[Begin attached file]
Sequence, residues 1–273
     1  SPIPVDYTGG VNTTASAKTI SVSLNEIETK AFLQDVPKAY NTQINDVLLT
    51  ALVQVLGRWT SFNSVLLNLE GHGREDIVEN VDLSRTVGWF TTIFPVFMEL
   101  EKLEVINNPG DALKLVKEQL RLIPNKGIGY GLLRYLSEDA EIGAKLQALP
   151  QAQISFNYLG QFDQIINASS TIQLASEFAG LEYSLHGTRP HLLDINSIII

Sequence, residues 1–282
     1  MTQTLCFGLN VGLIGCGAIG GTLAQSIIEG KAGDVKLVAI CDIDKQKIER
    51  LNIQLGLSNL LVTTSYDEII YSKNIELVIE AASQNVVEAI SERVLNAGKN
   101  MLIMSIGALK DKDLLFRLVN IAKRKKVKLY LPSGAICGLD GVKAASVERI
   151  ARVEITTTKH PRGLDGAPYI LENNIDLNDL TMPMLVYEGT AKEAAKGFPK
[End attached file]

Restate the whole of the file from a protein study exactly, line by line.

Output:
Sequence, residues 1–273
     1  SPIPVDYTGG VNTTASAKTI SVSLNEIETK AFLQDVPKAY NTQINDVLLT
    51  ALVQVLGRWT SFNSVLLNLE GHGREDIVEN VDLSRTVGWF TTIFPVFMEL
   101  EKLEVINNPG DALKLVKEQL RLIPNKGIGY GLLRYLSEDA EIGAKLQALP
   151  QAQISFNYLG QFDQIINASS TIQLASEFAG LEYSLHGTRP HLLDINSIII

Sequence, residues 1–282
     1  MTQTLCFGLN VGLIGCGAIG GTLAQSIIEG KAGDVKLVAI CDIDKQKIER
    51  LNIQLGLSNL LVTTSYDEII YSKNIELVIE AASQNVVEAI SERVLNAGKN
   101  MLIMSIGALK DKDLLFRLVN IAKRKKVKLY LPSGAICGLD GVKAASVERI
   151  ARVEITTTKH PRGLDGAPYI LENNIDLNDL TMPMLVYEGT AKEAAKGFPK